As Portland faces the challenge of simultaneously meeting the needs of current residents and accommodating asylum seekers, we must guard against deep-set habits and biases.

I’ve been privy to two neighborhood conversations recently in which white people expressed resentment that African immigrants were getting things, in one case, community garden plots, and in the other, apartments.

White people tend to get nervous when they see black people getting things. Having been steeped and socialized in white supremacy culture, we have a habit of seeing white people as more deserving. As Portland becomes more diverse, there will be more people of color getting things. The increase reflects our changing demographics, not so-called “reverse racism.”

Some will use Portland’s budget challenge as cover for their racism while others will unconsciously fall into habits of white supremacy.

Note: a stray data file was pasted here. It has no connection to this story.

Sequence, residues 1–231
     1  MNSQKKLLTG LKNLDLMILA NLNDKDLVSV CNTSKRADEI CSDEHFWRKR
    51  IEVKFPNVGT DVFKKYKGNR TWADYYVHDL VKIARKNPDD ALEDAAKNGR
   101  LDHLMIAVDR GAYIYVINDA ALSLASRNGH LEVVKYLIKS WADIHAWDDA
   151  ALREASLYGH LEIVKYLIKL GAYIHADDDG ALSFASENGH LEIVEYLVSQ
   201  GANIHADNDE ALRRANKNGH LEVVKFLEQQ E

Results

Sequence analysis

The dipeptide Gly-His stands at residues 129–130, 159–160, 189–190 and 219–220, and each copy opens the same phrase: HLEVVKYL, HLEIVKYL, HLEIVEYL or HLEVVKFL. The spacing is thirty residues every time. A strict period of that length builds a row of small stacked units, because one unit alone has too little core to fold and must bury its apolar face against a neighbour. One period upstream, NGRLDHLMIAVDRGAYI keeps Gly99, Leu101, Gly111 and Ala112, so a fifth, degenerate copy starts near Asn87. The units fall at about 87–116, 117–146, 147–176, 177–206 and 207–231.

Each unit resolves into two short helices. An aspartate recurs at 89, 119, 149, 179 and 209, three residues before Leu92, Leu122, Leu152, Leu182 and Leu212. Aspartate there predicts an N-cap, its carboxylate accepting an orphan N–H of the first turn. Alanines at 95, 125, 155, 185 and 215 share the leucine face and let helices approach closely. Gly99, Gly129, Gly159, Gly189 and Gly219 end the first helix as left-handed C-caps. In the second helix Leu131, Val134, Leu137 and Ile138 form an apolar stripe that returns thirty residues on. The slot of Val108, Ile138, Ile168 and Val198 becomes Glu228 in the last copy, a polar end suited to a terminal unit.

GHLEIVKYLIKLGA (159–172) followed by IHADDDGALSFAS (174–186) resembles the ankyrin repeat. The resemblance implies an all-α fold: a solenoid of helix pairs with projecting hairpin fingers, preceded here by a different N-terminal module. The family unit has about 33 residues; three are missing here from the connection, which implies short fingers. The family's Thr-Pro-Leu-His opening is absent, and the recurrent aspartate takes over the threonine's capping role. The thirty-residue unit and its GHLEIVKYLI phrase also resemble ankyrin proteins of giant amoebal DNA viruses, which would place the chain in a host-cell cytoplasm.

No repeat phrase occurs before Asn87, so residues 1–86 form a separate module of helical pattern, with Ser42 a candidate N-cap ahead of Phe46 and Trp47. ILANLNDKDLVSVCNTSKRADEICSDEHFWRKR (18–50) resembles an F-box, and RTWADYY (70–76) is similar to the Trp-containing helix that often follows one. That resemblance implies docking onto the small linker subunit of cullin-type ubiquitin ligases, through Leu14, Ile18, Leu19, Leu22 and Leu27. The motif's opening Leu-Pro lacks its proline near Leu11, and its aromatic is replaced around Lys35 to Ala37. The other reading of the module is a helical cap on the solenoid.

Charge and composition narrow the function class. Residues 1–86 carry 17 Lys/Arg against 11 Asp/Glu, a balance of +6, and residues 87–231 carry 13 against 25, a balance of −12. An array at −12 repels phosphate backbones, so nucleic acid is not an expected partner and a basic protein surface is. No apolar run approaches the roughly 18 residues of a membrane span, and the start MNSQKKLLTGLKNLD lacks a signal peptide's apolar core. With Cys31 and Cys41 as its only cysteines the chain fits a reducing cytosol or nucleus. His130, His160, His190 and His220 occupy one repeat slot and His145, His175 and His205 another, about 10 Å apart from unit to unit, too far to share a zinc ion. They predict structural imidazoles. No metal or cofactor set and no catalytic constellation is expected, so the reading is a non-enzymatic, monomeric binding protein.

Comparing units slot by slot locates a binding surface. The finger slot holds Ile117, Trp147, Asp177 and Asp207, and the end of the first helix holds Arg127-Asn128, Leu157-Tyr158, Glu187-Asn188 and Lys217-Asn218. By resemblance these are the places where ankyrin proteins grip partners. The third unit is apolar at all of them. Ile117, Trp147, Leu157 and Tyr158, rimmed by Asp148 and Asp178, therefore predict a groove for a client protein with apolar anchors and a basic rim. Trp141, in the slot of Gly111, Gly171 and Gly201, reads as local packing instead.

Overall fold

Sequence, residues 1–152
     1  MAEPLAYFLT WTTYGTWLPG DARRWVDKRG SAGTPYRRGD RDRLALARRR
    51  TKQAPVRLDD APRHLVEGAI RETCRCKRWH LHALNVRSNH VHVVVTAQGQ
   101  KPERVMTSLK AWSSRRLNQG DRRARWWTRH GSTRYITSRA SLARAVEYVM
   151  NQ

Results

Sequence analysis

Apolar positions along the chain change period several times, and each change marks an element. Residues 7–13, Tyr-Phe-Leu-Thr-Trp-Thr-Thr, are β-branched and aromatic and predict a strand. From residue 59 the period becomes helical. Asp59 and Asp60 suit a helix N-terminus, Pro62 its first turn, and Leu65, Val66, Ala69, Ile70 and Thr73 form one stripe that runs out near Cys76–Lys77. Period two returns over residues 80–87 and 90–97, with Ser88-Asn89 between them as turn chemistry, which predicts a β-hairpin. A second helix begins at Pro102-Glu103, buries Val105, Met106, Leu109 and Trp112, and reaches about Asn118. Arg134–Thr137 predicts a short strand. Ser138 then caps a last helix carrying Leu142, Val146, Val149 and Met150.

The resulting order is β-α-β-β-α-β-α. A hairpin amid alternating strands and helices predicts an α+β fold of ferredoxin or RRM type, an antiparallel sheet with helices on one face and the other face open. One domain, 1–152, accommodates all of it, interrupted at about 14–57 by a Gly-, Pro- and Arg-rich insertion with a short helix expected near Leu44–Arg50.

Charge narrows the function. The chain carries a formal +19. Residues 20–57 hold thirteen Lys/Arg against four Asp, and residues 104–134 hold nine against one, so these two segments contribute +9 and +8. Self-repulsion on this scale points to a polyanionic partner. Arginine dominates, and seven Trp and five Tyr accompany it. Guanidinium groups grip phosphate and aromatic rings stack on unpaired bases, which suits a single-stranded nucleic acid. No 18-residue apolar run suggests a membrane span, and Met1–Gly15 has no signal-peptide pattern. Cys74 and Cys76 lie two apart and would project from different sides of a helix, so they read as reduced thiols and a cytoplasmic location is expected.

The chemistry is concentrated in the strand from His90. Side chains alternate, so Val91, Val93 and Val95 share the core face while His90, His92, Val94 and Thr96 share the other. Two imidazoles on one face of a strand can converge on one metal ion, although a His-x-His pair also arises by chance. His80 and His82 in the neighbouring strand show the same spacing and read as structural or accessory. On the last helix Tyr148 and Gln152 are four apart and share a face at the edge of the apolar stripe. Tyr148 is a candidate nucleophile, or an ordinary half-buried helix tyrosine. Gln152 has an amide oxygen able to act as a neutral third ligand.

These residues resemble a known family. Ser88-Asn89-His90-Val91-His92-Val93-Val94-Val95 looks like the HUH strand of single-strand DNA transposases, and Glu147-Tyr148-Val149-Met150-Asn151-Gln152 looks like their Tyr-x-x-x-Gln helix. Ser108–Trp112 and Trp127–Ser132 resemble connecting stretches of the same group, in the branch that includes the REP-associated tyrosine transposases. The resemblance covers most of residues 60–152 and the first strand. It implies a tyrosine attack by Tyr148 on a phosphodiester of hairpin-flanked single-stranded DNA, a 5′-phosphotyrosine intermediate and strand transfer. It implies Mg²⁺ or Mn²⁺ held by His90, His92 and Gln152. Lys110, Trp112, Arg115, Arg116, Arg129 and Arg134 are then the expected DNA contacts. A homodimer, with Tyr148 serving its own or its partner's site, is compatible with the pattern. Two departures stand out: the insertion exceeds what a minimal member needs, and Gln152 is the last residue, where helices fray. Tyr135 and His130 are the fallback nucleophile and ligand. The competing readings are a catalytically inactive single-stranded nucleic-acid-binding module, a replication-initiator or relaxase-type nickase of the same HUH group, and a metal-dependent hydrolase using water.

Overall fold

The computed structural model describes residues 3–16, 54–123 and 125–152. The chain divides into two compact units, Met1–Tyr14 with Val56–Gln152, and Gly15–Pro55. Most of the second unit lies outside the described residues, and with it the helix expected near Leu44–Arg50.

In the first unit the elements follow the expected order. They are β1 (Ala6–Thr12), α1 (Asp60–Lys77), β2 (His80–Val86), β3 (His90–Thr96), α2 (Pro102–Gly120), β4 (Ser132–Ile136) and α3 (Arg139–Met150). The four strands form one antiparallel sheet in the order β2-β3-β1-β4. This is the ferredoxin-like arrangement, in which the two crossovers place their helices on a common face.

Instead of turning on our new neighbors, we would be smarter to push for reversal of former Gov. Paul LePage’s cuts to state revenue sharing and public assistance to asylum seekers and for the state to fully fund its share of our school budget. The state should compensate Portland as it struggles almost single-handedly to address statewide problems like homelessness and the opioid epidemic.

With President Trump’s announcement that he’s planning to send asylum seekers to sanctuary cities without also sending federal aid to help the cities handle the influx, there should be no doubt that Republicans will continue their divide-and-conquer tactics to win elections.

Manufactured fiscal crises and scarcity rhetoric are being used to foment racial resentment.

As a nation, we have the resources. As the oldest state in the nation, Maine is demographically doomed without immigrants. Our workforce and Social Security system needs them. If not for the moral value in welcoming asylum seekers, then recognize the economic reality that we need them as much as they need us.

Lisa Morris

Portland


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